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Sci-fi movies leave me empty. Isn't the real world dramatic enough? | Prove me wrong


Alison: Shelley, I think sci-fi movies are a waste of time. If I’m going to spend a couple of hours watching something, I want the characters, and how they relate to each other, to be the hero of the story. When I watch sci-fi, it seems like the machines, the special effects and the fantasy are the main point of the film. I know for some people that’s about escapism, but how can it provide an escape if what’s on screen is fundamentally unattainable in real life?

Sorry, but it just leaves me empty. Prove me wrong, Shelley.

Shelley: Ali, that’s like saying historical stories are about horses and carts! You’ve got it all wrong. Sci-fi isn’t about escapism, it’s about us. These fantastic worlds are just exaggerated versions of the world many of us already live in. Putting particular technologies under a fictional microscope enables us to explore the moral and ethical conundrums these technologies raise long before they become mainstream. Often these films are cautionary tales about paths we could – but shouldn’t – traverse.

For your sci-fi movie homework, I’d like you to watch Gattaca (1997), starring Uma Thurman and Ethan Hawke. The film is set in an imaginary future, when the genetic selection of desirable traits for potential offspring is common. While on the surface, genetic selection that can eradicate disease might sound beneficial, the dystopian outcomes are obvious when viewed through the eyes of a character whose family couldn’t afford to buy him the highest IQ and a healthy heart.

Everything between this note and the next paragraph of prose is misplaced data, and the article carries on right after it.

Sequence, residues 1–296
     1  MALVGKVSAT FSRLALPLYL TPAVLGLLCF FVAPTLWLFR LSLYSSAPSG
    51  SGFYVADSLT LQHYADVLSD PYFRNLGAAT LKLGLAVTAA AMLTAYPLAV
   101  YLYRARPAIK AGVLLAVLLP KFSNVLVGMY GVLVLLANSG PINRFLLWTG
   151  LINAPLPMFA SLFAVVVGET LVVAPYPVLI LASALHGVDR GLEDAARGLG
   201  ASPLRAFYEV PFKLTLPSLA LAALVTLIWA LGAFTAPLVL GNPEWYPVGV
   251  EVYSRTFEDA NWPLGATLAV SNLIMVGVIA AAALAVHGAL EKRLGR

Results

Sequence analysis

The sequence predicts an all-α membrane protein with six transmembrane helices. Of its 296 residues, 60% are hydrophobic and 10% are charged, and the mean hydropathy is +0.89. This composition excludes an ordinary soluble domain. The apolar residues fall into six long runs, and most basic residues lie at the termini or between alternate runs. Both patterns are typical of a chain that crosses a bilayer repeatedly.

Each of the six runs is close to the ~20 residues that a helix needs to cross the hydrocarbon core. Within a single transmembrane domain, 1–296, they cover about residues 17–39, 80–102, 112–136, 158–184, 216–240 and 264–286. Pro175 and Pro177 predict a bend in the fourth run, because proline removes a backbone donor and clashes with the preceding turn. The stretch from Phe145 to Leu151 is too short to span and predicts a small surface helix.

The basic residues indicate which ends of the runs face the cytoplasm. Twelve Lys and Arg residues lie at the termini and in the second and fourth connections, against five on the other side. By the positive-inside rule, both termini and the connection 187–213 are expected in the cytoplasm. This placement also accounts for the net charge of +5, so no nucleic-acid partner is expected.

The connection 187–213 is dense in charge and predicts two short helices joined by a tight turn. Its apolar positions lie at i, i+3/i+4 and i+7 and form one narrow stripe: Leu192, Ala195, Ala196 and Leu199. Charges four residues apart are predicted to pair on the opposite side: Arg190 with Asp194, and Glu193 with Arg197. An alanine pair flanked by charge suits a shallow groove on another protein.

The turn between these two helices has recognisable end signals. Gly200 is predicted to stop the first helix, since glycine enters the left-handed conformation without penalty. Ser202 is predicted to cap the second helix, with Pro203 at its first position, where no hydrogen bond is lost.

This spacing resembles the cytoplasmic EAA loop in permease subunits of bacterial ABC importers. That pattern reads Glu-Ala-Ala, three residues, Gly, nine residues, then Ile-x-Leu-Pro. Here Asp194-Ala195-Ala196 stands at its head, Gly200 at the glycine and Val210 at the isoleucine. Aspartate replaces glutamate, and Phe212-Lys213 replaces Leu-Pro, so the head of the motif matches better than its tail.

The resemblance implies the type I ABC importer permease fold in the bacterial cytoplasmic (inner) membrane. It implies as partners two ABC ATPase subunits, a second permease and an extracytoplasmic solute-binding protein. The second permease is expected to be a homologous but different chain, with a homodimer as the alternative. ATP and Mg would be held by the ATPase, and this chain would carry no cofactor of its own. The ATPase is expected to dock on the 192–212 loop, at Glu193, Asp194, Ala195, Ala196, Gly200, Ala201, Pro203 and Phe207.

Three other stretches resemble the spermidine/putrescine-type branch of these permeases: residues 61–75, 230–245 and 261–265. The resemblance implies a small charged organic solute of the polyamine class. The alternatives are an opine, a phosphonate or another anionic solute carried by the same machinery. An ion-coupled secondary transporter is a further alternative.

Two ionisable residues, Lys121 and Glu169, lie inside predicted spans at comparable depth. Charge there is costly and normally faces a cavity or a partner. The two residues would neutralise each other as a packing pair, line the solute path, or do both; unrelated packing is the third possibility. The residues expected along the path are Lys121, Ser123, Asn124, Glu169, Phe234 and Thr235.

A film like Gattaca gives people a framework for thinking about genetic selection when it confronts us in the real world – like it did in 2018 when Chinese researchers confessed to gene-editing twins. Let me know what you think.

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Other good examples are Blade Runner (1982) and Ex Machina (2014), which consider our moral obligations to artificial intelligence. The Net (1995) explores the consequences of a world in which our entire identities are digitised. And Her (2013) looks at the emotional fallout from spending too much time interacting with a virtual assistant like Siri or Alexa.

At their heart, these films aren’t about technology at all, but rather what it means to be human.

Alison: Would it be churlish of me to point out that three of the five films you have recommended were from last century? Are good sci-fi films that rare? I write as I am watching Gattaca and I wish I could say I have been persuaded. Is it a cautionary tale or is it a look into someone else’s imagination? It tells the story of genetic selection and an underdog who cheated the system to try to achieve his dream.

What I don’t understand is why that storyline has to be set in an imagined time in the “not-too-distant future”. Far from making the potential pitfalls of genetic selection ring true, in my view the dystopian nature of the story undermines its credibility. Because it’s happening in a world that does not reflect our own, it’s easy for the viewer to dismiss the ideas as fantasy.

Blade Runner is a distant blur from the 80s for me. Yes, I saw it, but remember little else other than Harrison Ford was in it. I rewatched the trailer just now, which said it was supposed to be set in 2019. That undermines its credibility right there.

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I guess I also feel that so many of these movies are about men and patriarchy and who is the strongest, meanest, richest or most powerful. Frankly, it just makes me angry that those themes dominate not only this life, but any life set in the future.

Prove Me Wrong is a new summer series in which Guardian Australia colleagues argue over whose tastes on popular culture, food and leisure activities are right … and whose are wrong.



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